WeChat is Being Used to Campaign for Trump

WeChat is Being Used to Campaign for Trump
Carl Samson
October 20, 2020
Despite President Donald Trump’s efforts to ban WeChat — as well as TikTok and other Chinese-made apps — a growing number of Chinese immigrants and Chinese Americans are reportedly using the platform to campaign for his re-election.
The app, with some 19 million users in the U.S., is popular among first-generation and recent Chinese immigrants, many of whom back the incumbent president.
Activists rally in support of President Donald Trump across the street from Trump Tower on 5th Avenue, June 18, 2019, in New York City. The rally was organized by the groups “Queens Village Republican Club” and “Chinese Americans for Trump.” Image via Getty
“U.S. conservative culture is very similar to the culture of our fathers and grandparents,” a Missouri-based engineer awaiting his green card told the Financial Times. “People value family, promote hard work and oppose many modern ideas, such as homosexuality and sexual freedom.”
In a three-point partisanship survey, only 16% of Chinese Americans identified as Republican, but 40% called themselves independent. This growth is attributed to stronger immigration from mainland China, while many of the previous immigrants came from Hong Kong or Taiwan.
“The new Chinese immigrants from China, their viewpoint and understanding of Asian American history and how they view issues differ from the Chinese Americans who have been here longer,” Christine Chen, executive director of APIAVote, a nonpartisan engagement group, told the Los Angeles Times last month.
Chen said that independent Chinese Americans are “not necessarily” likely to vote for Trump, particularly due to his anti-China rhetoric amid the COVID-19 crisis — but current activities on WeChat tell a different story.
The vocal Trump supporters are currently mobilizing on the platform, shaping a space isolated from mainstream social media platforms which Trump has repeatedly accused of censoring his campaign.
This isolation allows supporters to air their views “without concerns about one’s neighbors or colleagues finding out,” according to Christina Wu from Hofstra University in New York. Mo Fan, an Oregon-based data analyst, is forced to use an alias on Instagram and TikTok because he has “seen some examples of Trump supporters posting, and leftist groups finding out where they work and putting pressure on their employer.”
Trump supporters on WeChat carefully draw the line between Chinese people and the Chinese government. The latter, they say, is the true target of Trump’s policies — and some of them are pleased to see Beijing take a hit.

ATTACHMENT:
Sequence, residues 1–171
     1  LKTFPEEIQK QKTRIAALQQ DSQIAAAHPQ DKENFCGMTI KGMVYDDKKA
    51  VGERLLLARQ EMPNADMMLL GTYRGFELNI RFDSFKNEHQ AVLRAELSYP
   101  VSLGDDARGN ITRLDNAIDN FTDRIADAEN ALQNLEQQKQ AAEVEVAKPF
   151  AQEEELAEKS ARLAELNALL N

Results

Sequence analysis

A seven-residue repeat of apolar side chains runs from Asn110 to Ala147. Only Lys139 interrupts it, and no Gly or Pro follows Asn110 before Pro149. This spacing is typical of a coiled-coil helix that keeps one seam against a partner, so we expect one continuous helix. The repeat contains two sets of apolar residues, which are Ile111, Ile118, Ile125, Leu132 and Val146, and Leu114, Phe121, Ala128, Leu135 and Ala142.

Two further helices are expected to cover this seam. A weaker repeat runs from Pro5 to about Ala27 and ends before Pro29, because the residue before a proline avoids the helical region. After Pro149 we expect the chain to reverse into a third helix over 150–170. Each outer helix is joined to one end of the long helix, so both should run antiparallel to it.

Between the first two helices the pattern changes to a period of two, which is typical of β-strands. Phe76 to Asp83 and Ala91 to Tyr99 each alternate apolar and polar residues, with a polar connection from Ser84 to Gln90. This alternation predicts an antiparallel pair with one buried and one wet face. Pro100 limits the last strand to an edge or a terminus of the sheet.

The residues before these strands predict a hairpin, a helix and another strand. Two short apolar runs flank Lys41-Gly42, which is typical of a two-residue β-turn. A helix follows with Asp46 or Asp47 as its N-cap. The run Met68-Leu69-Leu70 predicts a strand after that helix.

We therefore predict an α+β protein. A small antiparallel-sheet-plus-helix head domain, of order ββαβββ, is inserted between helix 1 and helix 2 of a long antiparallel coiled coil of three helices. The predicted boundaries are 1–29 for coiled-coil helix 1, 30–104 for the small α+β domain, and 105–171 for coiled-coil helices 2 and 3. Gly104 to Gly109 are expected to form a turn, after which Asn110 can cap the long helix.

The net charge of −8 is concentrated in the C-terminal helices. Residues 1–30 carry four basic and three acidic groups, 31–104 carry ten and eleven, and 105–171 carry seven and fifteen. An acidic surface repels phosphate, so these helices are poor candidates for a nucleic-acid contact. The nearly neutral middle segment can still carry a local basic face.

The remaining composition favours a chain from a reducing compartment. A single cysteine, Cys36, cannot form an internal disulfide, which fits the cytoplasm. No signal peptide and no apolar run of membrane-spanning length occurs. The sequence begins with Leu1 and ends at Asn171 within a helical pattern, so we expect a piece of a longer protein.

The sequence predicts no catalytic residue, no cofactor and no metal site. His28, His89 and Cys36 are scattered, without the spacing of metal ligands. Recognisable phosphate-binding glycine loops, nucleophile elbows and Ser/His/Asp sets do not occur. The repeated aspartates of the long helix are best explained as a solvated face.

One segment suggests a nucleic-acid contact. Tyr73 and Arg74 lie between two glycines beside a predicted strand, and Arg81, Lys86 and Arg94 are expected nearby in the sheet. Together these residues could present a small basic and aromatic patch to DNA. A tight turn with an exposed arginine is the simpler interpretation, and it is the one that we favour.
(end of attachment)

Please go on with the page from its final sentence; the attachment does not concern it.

While Trump routinely refers to COVID-19 as the “Chinese Virus,” “China Virus” and “Kung Flu,” he reiterates that such remarks are directed to the Chinese government, not to Asian Americans.
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“It is very important that we totally protect our Asian American community in the United States, and all around the world,” Trump tweeted in March.
“They are amazing people, and the spreading of the Virus … is NOT their fault in any way, shape, or form. They are working closely with us to get rid of it. WE WILL PREVAIL TOGETHER!”
The president echoed his remarks at a news conference:
“It seems that there could be a little bit of nasty language toward the Asian-Americans in our country and I don’t like that at all … so I just wanted to make that point, because they’re blaming China, and they are making statements to great American citizens that happened to be of Asian heritage, and I’m not gonna let that happen,” Trump said, according to Reuters.
For these reasons, Chinese American supporters are beginning to accept the WeChat ban, despite the fact that they also use the service to communicate with loved ones back home.
“I’ll support it, even though the ban will hurt me,” Ming Dao, 57, told the Financial Times. “In the U.S., WeChat should obey U.S. laws. If you’re in the U.S., and they use Chinese laws to censor you, that’s not OK.”
Aside from Chinese Americans, Trump enjoys support from other Asian American ethnic groups, mainly the Vietnamese.
Earlier this month, Vietnamese American backers ran a caravan in Orange County, California which was interrupted by a “homeless” man who stole their campaign flags.
In a recent article for MercatorNet, researcher William Huang, who describes himself as a product of China’s one-child policy, offers insight on why Asian Americans are warming up to Trump despite his COVID-19 rhetoric.
“What mainstream media and Twitter activists do not understand is that, when Trump tweets out ‘China Virus’ or shouts ‘China must pay a price for what it has done’ at his campaign rallies, these comments are not anti-Asian. In fact, many, many Asians love it. They relish it when Trump attacks China,” Huang noted.
“Not only are his ‘anti-Asian’ comments making him more popular among traditional Asian demographics that lean red, he is also gaining from other Asian American groups with his blunt rhetoric and action towards Communist China.”
Feature Image via Getty
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